After spending many years researching American POWs who were killed by the atomic bombing in Hiroshima, A-bomb survivor Shigeaki Mori (79) was commended for his work and given the opportunity to meet with President Obama in Hiroshima. At 8:15 a.m., he prayed for the POWs at the memorial monument built on the premises of a former POW camp in Naka-Ward, Hiroshima City. Mori promised them, “I will make efforts together with the President to achieve the abolishment of nuclear weapons, so that your deaths will not be in vain.”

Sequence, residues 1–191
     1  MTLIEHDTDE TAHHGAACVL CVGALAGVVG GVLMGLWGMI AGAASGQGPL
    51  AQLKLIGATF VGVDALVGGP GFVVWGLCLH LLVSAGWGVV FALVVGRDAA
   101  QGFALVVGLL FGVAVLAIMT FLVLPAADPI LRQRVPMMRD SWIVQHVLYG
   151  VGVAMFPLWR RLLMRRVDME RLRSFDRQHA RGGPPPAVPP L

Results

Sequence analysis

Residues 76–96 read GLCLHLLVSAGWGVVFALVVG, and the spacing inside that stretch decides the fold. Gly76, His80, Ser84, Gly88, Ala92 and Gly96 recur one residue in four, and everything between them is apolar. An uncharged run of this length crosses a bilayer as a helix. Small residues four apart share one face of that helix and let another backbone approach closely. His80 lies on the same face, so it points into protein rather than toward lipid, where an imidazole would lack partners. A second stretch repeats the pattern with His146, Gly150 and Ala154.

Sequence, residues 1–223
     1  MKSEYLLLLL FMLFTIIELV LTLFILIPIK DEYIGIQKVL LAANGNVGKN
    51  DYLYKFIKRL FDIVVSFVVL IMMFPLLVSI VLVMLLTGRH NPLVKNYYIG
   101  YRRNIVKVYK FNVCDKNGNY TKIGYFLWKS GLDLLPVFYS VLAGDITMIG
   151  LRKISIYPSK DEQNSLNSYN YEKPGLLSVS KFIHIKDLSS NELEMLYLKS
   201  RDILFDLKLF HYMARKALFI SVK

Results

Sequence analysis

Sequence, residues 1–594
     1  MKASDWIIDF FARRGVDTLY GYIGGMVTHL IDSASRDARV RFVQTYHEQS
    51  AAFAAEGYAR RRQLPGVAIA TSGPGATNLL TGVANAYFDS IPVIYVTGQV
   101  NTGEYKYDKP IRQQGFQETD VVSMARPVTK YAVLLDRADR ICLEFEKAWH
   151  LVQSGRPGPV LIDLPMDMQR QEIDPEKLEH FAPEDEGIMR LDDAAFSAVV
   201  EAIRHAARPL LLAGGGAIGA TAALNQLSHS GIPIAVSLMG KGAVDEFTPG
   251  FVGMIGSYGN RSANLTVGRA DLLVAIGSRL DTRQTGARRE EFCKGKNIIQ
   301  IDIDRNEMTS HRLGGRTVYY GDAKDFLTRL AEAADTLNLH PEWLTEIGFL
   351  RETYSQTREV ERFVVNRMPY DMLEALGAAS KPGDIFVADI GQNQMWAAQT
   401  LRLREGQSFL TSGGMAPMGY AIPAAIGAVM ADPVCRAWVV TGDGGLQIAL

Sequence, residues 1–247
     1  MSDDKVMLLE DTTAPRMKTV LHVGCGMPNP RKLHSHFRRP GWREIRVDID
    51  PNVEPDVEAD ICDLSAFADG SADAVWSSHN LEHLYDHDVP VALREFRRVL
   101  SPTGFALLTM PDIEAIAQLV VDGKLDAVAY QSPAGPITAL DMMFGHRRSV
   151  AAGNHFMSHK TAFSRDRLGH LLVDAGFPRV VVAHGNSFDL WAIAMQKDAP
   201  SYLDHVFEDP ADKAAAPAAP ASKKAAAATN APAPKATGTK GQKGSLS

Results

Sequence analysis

For many years the U.S. government had concealed the names of the U.S. servicemen who died as a result of the atomic bombing. President Obama, during his speech in Hiroshima, acknowledged that “a dozen Americans held prisoner” lost their lives. Since that moment, Mori’s life has changed dramatically. He has received numerous requests for speaking engagements both in Japan and overseas. Mori is currently conducting research on British and Dutch POWs who were killed by the atomic bomb in Nagasaki.